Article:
Title:
Suspension arrangement for rear castered wheels on a work machine
United States Patent 7789408


Abstract:
A suspension arrangement for a work machine includes a frame and a rear axle rigidly carried by and substantially immovable relative to the frame. The suspension arrangement includes a caster wheel assembly having a shaft, a wheel arm, a suspension and a caster wheel. The shaft is pivotably couplable with an outboard end of the rear axle. The caster wheel is coupled with a lower end of the wheel arm. The suspension is in the form of a torsion spring including an outer tube, an inner member, and a plurality of elastomeric members interposed between the outer tube and the inner member. The outer tube is coupled with the shaft, and the inner member is coupled with an upper end of the wheel arm.



Inventors:
Sloan, Charles Scott (Blakesburg, IA, US)
Rosenbalm, Allan Wesley (Blakesburg, IA, US)
Bebernes, Thomas Daryl (Ottumwa, IA, US)
Application Number:
11/968759
Publication Date:
09/07/2010
Filing Date:
01/03/2008
Assignee:
Deere & Company (Moline, IL, US)
Primary Class:
Other Classes:
280/124.129, 280/124.169
International Classes:
B60G11/18; B60G11/20
Field of Search:
280/124.169, 280/124.166, 280/124.13, 280/124.129, 280/124.164
View Patent Images:
US Patent References:
20090152828Steering Assist For A Rear Caster Wheel On A Work Machine2009-06-18Bebernes et al.280/86
20080007022Suspension Apparatus2008-01-10Jones280/124.13
6905130Torsion axle2005-06-14Few280/124.169
6752411Multi-stage torsion axle2004-06-22Few280/124.169
20030234505Multi-stage torsion axle2003-12-25Few280/124.169
6234507Suspension system for a wheelchair2001-05-22Dickie et al.280/304.1
5816606Horizontally-mounted rear shock absorber for lightweight motor vehicle1998-10-06Cruise et al.280/124.169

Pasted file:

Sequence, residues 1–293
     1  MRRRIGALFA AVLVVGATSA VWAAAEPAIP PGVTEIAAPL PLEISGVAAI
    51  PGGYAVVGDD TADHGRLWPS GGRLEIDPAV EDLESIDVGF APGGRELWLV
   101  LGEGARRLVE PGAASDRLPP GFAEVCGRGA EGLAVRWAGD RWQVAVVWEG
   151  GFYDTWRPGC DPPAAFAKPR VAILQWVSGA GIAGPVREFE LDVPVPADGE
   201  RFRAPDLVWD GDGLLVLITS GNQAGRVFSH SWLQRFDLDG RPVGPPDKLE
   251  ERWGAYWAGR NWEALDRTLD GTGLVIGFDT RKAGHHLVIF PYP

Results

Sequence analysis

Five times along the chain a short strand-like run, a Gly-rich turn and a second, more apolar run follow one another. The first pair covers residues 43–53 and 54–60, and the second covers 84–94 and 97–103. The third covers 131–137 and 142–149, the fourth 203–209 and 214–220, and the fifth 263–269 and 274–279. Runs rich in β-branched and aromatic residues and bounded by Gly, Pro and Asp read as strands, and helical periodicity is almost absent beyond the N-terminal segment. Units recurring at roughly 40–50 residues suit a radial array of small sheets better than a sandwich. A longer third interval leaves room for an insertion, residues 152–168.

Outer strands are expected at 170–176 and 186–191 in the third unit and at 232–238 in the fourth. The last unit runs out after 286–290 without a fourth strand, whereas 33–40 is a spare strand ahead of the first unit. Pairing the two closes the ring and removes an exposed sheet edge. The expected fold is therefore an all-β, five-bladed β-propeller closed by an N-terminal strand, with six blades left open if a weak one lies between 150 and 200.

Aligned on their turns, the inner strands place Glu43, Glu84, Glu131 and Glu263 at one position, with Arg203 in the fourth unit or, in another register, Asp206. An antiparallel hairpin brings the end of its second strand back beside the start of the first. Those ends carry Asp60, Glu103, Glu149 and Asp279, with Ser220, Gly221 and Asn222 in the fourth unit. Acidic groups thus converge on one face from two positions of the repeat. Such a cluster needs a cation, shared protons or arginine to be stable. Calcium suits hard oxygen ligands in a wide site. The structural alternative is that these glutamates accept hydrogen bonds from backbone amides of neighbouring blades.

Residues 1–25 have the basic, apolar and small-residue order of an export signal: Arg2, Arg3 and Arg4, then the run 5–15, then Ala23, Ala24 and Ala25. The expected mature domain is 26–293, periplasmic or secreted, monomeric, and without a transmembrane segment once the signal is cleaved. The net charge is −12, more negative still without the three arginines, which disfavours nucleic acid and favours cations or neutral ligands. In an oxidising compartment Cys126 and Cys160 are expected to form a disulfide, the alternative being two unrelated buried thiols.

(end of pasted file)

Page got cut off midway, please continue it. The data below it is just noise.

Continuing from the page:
2043011Rubber suspension system1936-06-02Olle267/257



Primary Examiner:
BROWN, DREW J
Attorney, Agent or Firm:
DEERE & COMPANY (MOLINE, IL, US)
Claims:
The invention claimed is:

1. A work machine, comprising: a frame; at least one drive wheel carried by said frame; at least one rear axle rigidly carried by and substantially immovable relative to said frame; and at least one caster wheel assembly, each said caster wheel assembly including a shaft, a wheel arm, a suspension and a caster wheel, said shaft pivotably coupled with an outboard end of a corresponding said rear axle, said suspension being interposed between said wheel arm and said shaft, said caster wheel coupled with a lower end of said wheel arm.

2. The work machine of claim 1, wherein said suspension is a torsion spring.

3. The work machine of claim 2, wherein said torsion spring includes an outer tube with a square cross section, an inner member with a square cross section, and a plurality of elastomeric members interposed between said outer tube and said inner member, said outer tube being coupled with one of said shaft and said wheel arm, and said inner member being coupled with an other of said shaft and said wheel arm.

4. The work machine of claim 3, wherein said outer tube is coupled with said shaft and said inner member is coupled with said wheel arm.

5. The work machine of claim 4, wherein said shaft is coupled with said torsion spring in an offset manner along a side of said outer tube.

6. The work machine of claim 4, wherein said inner member extends axially beyond both ends of said outer tube, and further including a pair of clamps coupled with said wheel arm, each said clamp being clamped with a corresponding said end of said inner member.

7. The work machine of claim 6, wherein each said clamp includes a pair of support arms extending upwardly at an angle of approximately 45° relative to vertical.

8. The work machine of claim 3, wherein said caster wheel has an axis of rotation, and said inner member of said torsion spring has an axis of rotation which is generally parallel to said axis of rotation of said caster wheel.

9. The work machine of claim 3, wherein said wheel arm has a generally horizontal upper portion, and said torsion spring is coupled with said horizontal upper portion.

10. The work machine of claim 3, wherein said wheel arm is one of generally L-shaped and generally U-shaped.